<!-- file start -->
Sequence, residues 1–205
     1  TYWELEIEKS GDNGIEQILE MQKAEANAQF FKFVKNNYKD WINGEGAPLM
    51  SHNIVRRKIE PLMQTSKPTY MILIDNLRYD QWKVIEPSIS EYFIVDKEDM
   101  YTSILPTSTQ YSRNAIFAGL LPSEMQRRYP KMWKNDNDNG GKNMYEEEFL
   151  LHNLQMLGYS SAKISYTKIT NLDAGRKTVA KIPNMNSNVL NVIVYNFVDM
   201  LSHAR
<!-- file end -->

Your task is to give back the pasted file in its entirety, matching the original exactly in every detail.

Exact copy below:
Sequence, residues 1–205
     1  TYWELEIEKS GDNGIEQILE MQKAEANAQF FKFVKNNYKD WINGEGAPLM
    51  SHNIVRRKIE PLMQTSKPTY MILIDNLRYD QWKVIEPSIS EYFIVDKEDM
   101  YTSILPTSTQ YSRNAIFAGL LPSEMQRRYP KMWKNDNDNG GKNMYEEEFL
   151  LHNLQMLGYS SAKISYTKIT NLDAGRKTVA KIPNMNSNVL NVIVYNFVDM
   201  LSHAR